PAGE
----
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Ori Marani

In one of the most ancient and diverse winemaking countries in the world, a Georgian and a Frenchman have laid down roots. By combining ancient and rare Georgian varieties and traditions with Champenois know-how, the two are creating groundbreaking wines that are unlike anything the world has seen before.

Nino doing some punchdowns in a qvevri, the famous Georgian underground amphora vessel

People:  Nino Gvantseladze & Bastien Warskotte

Place:  The Shida Kartli, Kakheti and Imereti regions, Georgia

Varieties:  Rkatsiteli and Saperavi (from Kakheti), Chinuri, Goruli Mstvane and Tavkveri (from Shida Kartli) and from Imereti; Vani Chkhaveri, Dzelshavi, Tsitska and Aladasturi

Farming:  Organic

Did You Know? When it comes to the traditional method (like how sparkling wine is produced in Champagne), Bastien was frustrated at the model of adding sugar and yeast to the bottle in order to create a second fermentation. So, he began dwelling on what he could do to create his own, more natural version, taking inspiration from Pascal Agrapart’s Experience cuvée. He says, 

"I thought, why not use honey instead of sugar and yeast? So I did, and it worked! Then I froze some juice during fermentation and kept it in the freezer. Then, in January I put it in the bottles. That worked too. The problem is that you need around 10% of the juice to freeze, and that means you need loads of freezer space. So now, with the Areva cuvée, I let the wine go dry, and then add honey. So the bubbles created are from the honey, not from the sugar of the juice, as there isn’t any. But the yeasts are still alive as it’s only three weeks after the fermentation finished. So it’s its own unique style. It’s super juicy and drinkable."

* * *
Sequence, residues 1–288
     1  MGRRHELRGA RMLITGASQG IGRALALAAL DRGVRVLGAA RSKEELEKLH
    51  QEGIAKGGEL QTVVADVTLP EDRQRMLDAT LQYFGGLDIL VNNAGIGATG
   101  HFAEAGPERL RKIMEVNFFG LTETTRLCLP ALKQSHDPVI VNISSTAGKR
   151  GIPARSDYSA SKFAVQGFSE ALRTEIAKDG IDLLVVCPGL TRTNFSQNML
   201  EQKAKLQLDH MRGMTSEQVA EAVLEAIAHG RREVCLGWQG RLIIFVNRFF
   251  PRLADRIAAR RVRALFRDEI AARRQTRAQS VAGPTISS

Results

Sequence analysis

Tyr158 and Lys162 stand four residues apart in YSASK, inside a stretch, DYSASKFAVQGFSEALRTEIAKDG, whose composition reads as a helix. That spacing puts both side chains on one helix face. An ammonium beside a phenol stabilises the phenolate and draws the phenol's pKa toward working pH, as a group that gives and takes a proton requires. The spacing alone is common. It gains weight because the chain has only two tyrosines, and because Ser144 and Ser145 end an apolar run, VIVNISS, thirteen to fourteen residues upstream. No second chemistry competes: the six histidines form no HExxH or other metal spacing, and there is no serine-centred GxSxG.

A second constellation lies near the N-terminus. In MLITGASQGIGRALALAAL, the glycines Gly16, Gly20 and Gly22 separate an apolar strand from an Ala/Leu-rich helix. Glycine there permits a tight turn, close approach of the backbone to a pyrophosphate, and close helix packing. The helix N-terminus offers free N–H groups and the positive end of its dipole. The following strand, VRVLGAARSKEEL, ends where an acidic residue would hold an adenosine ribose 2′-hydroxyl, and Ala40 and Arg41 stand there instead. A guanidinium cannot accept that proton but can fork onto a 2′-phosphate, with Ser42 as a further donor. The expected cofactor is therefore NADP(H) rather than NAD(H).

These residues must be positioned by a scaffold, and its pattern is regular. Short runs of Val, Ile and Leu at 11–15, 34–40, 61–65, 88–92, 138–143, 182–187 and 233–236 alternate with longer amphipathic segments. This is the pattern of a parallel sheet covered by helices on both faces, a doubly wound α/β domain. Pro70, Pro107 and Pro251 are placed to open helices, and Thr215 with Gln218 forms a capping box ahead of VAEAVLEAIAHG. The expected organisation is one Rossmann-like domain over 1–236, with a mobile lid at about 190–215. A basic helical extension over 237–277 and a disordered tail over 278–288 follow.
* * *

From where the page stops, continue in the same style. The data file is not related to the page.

Whole bunch fermentation in qvevri

Flor (surface yeast) in qvevri

Natural Winemaking & Qvevri

They decided to take a totally different route to the one Bastien had been taught at enology school. They both felt compelled to make natural wine. Bastien explains,

“I studied enology. You basically learn how not to make natural wine, but rather how to make wine by using as many products as possible in order to fulfil the industry. That’s unfortunately the same with agriculture. There are big companies behind these products. So, they teach you that you need to add this enzyme… that yeast… every kind of product. And well, that’s not the way it should be. Because at the end of the day, you can make wine from just grapes.” 

They make both still and sparkling wines, with a variation of skin contact, aged in both barrels and the traditional Georgian qvevri. Being from France, working with qvevri was a whole new world for Bastien: 

“I love qvevri for fementation because of the shape; it brings the lees in suspension, and it really woks. When the juice is fermenting you see it bubbling like crazy. It also brings an identity; a kind of saltiness or earthiness, and you don’t need long ageing to get this. With barrels, you get more texture, maybe more complexity, as I feel that the micro-oxygenation is softer; the tannins become smoother. Whereas in clay, the wine stays...

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